VALRICO — In nearly every photo, Mathew Korattiyil beamed.
He smiled in selfies taken in cars and movie theaters. He smiled as he served pizza at gatherings. He smiled as he stood next to his family at graduations and weddings.
The 68-year-old businessman was the picture of good will.
But friends and family say this masked the relentless desire of a man who grew up poor in India to protect and comfort those around him.
“He came from nothing and built an American dream,” son Melson Korattiyil told his father’s mourners.
The circumstances of Korattiyil death’s on Aug. 6 shocked the bay area. He pulled up outside a Brandon bank just as a robber was trying to escape, according to the Hillsborough County Sheriff’s Office. The bank robber abducted him in a carjacking to make his escape.
Korattiyil was found dead later that day at Sacred Heart Knanaya Catholic Community Center, where he was a member.
The man who attacked him was later arrested on that Aug. 6 day, then attempted suicide while in jail and is now hospitalized.
Days after Korattiyil death’s, at his Aug. 9 service and his Aug. 10 funeral, those who knew Korattiyil best shared their grief and said their goodbyes.
A projector played the photos and videos of a smiling Korattiyil during the Aug. 9 public viewing at Sacred Heart Knanaya Catholic Community Center in Valrico.
People flew in from as far away as India, London and Canada to pay their respects. More than 500 attended, and the speakers included Tampa Mayor Jane Castor.
“When I saw the incident, it broke my heart,” said Castor, the former police chief, who did not know Korattiyil. “This was as senseless an act as I have seen.”
To the Tampa Knanaya community, Christians from a southern state in India, Korattiyil was a cornerstone.
He moved with his family to the Tampa area in 1989, one of the first among the Knanaya community to do so. There were 50 to 60 families here at the time, said community center president Tomy Kattinacheril. Today, there are more than 370.
Korattiyil was born in Peroor, a village in Kerala, India. The third child of six in a farming family, he grew up poor, hungry, barefoot — and kind.
Winny Mattathilparambil, his neighbor in Peroor, told the audience at the viewing that he looked up to Korattiyil as an older brother and called him “a lion” at soccer.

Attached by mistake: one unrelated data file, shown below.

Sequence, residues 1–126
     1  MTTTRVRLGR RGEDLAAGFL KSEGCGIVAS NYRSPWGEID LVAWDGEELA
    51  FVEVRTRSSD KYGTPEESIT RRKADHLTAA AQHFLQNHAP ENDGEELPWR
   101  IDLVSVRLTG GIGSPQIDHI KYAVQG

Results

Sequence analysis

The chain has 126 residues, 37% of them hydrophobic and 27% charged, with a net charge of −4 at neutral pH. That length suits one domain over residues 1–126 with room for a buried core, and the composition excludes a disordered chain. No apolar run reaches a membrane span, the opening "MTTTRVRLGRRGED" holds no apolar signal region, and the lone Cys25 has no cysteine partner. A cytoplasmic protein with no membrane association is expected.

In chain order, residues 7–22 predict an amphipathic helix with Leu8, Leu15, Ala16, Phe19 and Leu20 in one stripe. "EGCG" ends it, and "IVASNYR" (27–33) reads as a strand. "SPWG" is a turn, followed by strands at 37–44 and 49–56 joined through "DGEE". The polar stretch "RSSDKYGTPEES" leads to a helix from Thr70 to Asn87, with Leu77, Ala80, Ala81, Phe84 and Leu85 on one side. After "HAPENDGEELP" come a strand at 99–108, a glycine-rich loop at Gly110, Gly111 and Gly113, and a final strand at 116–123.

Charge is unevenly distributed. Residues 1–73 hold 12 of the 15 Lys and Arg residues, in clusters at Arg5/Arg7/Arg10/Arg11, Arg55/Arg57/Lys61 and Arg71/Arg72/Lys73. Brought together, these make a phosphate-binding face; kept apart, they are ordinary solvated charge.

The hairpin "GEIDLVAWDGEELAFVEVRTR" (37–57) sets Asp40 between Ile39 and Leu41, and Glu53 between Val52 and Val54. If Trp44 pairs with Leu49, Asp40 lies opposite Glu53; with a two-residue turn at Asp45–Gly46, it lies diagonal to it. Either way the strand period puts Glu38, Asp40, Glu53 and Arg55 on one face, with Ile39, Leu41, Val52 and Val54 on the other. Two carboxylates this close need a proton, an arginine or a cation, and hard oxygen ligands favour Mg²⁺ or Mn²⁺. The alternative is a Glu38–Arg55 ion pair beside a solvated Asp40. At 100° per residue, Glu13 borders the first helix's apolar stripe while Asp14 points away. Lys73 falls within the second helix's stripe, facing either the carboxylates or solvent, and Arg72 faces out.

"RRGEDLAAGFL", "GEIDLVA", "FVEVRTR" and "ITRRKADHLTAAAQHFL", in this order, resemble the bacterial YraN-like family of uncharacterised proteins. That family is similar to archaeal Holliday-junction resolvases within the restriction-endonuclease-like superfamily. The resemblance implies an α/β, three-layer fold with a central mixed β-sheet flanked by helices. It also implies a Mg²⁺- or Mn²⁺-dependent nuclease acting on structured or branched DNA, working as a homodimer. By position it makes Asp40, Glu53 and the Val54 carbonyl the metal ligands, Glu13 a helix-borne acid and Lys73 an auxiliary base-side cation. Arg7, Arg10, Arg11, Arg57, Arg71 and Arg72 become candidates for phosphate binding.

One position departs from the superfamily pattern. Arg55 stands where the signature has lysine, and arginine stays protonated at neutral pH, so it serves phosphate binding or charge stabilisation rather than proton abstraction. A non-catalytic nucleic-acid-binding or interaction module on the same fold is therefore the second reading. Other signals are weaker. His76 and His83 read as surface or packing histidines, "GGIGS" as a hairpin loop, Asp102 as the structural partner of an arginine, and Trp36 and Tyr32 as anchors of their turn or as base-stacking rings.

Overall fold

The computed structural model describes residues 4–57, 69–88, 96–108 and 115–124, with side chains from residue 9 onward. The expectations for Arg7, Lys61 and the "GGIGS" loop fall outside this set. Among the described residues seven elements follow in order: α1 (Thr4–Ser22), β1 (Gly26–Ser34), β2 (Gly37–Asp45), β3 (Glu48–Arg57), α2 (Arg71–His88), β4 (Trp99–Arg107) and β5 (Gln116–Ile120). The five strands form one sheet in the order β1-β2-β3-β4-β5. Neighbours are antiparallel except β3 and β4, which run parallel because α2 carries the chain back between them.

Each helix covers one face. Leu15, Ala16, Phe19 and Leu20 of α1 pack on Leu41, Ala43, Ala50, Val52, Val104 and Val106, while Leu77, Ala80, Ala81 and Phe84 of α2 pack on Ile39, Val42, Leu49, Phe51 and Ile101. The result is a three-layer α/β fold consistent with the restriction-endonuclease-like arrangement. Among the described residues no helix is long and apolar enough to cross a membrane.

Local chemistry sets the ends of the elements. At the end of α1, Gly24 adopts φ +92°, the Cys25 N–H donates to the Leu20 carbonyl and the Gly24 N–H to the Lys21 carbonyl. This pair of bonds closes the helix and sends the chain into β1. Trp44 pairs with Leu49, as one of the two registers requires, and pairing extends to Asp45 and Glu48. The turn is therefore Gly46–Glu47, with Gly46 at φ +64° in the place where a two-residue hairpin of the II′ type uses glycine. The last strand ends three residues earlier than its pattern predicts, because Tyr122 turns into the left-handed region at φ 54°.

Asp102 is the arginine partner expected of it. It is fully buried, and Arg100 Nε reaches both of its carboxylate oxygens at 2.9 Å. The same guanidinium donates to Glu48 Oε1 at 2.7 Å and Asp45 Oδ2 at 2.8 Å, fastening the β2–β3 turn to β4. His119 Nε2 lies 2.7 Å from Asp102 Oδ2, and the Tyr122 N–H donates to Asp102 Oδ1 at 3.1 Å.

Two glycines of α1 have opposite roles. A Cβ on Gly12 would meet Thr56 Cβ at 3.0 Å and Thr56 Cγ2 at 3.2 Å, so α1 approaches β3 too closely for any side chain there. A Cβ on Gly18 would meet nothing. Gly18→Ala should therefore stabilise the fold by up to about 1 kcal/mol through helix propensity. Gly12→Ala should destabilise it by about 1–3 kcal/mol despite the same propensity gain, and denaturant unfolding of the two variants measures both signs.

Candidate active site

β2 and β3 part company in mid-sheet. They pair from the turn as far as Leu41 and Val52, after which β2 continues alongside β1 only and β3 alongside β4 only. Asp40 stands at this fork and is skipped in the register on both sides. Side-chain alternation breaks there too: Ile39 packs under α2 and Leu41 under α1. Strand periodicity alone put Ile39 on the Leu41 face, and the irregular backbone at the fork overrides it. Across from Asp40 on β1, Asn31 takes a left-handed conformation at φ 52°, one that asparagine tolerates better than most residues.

When they were young, Korattiyil bought them both a pair of shoes with money he had saved. In college, when Mattathilparambil got into trouble with another student and was afraid to go to class, Korattiyil volunteered to protect him for the day.
“He said, ‘Who dares to touch you when I’m there?’” Mattathilparambil said.
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Korattiyil enrolled in a hotel management program and moved in 1983 to Chicago and married Lillykutty (Theccanat) Korattiyil, whom he had met two years earlier in India.
Korattiyil worked two jobs, one at a hospital and another at a pizza restaurant. The family saved enough money to move from Chicago to Valrico. Korattiyil owned and managed gas station convenience stores in Brandon, Dover and Lakeland.
His family lived in the quiet suburbs and Melson worked at the store with him, helping run the register and buy merchandise. His daughter played soccer. The tight-knit family went everywhere together, said Kattinacheril.
Determined his family would never endure the hunger he grew up with, Korattiyil worked seven days a week, often 12 to 14 hours a day. Aside from attending the funerals of longtime customers, Melson Korattiyil said his father rarely took time off.
He always showed up to soccer matches when his daughter Manju was playing, even if he was late. He taught her how to do a bicycle kick and his pride shone the first time she scored a header goal.
Friend Jose Koppazha said at the viewing that Mathew Korattiyil had a way of expressing his views with humor without hurting with those who disagreed. The two often played cards together and talked about the issues of the day.
“A friend is the one who walks in when everyone walks out,” Koppazha said. “He was a friend.”
Korattiyil’s daughter and two sons grew up to become medical or dental professionals. They were a tremendous source of pride to him. He had recently retired in hopes of spending more time with his four grandchildren.
Within the Knanaya Catholic community, Korattiyil was a guiding figure, Kattinacheril said. Korattiyil was generous with his money, donating to a “dream project” at the center and supporting missionaries in northern India as well as charities in his Indian hometown.
That Korattiyil’s body was found at the community center after the carjacking only deepened the pain of his death, Kattinacheril said. Perhaps his assailant was seeking a quiet place, he said.
Korattiyil’s children spoke about their father at his Aug. 10 funeral at Nativity Catholic Church. Manju Korattiyil recalled him as a caring protector.
Once she moved away, he made sure he called her every day, even if only to talk for a few seconds. If she didn’t answer, he would worry and ask where she was.
He could always tell if something was wrong, she said, even if she pretended everything was fine.
“We’re going to miss you so much,” she said. “We weren’t ready for this.”
Times senior news researcher John Martin contributed to this story.